Islamist apologist Linda Sarsour, head of the Arab American Association of New York, championed the cause against the police. In 2014, along with other activist leaders, she met with Police Commissioner William Bratton to lobby against the program. At that meeting, John Miller told her the NYPD were shutting down the program.

“The Demographics Unit created psychological warfare in our community,” Sarsour told The New York Times in 2014. “Those documents, they showed where we live. That’s the cafe where I eat. That’s where I pray. That’s where I buy my groceries. They were able to see their entire lives on those maps. And it completely messed with the psyche of the community.”

Sarsour has long championed dubious causes to deflect honest conversations about terrorism. But we shouldn’t reflexively support something just because Linda Sarsour opposes it. What matters is whether or not the NYPD’s Demographics Unit actually produced results. 

 

Did it Work?

From 2002,the NYPD spent a lot of money through the Demographics Unit building an extensive network of files detailing various Muslim communities in New York City. But the unit never brought in information which produced a lead, investigation or arrest.

“I never made a lead from rhetoric that came from a Demographics report, and I’m here since 2006,” said Assistant Chief Thomas Galati, then commanding officer of the NYPD Intelligence Division, in a federal court deposition in 2012. “I don’t recall other ones prior to my arrival. Again, that’s always a possibility. I am not aware of any.”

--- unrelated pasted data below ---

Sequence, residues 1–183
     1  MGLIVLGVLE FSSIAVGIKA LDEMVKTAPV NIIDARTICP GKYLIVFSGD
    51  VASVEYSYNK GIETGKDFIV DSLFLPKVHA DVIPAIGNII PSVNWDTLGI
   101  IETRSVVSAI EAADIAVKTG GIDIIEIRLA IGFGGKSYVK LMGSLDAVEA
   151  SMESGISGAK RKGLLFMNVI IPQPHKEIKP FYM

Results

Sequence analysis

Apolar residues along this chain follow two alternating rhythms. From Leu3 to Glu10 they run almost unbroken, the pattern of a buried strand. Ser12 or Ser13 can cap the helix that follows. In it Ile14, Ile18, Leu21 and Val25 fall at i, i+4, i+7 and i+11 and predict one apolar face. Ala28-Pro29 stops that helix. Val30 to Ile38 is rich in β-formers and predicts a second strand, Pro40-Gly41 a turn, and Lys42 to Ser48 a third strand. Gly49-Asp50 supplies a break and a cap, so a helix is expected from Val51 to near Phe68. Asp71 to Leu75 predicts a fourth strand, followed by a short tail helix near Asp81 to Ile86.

This is not to say that the NYPD intelligence division does not do outstanding work, they do and they have stopped many terrorist plots. But no arrests came from this program.

A key counter-terrorism success was the Herald Square case of 2004. Shahawar Matin Siraj was sentenced to 30 years imprisonment in a plot to bomb the Herald Square underground subway station. CBS News records an unnamed NYPD official as saying the work of the Demographics Unit identified a specific Brooklyn bookstore as a hotspot, which led to the investigation.

However, other records show that the case began with civilians calling in tips about Siraj to the NYPD as they found him suspicious. Following up, the NYPD deployed an informant to the field who asked questions, built a case and ultimately arrested Siraj and an accomplice. It is highly likely these arrests could have been made without the information from the Demographics Unit. No records from the unit were even submitted in the trial.

Former NYPD deputy commissioner for public information Paul J. Browne argued that arrests were never the goal of the unit. On the contrary, they were to provide background intelligence that might help investigating officers once a case was underway.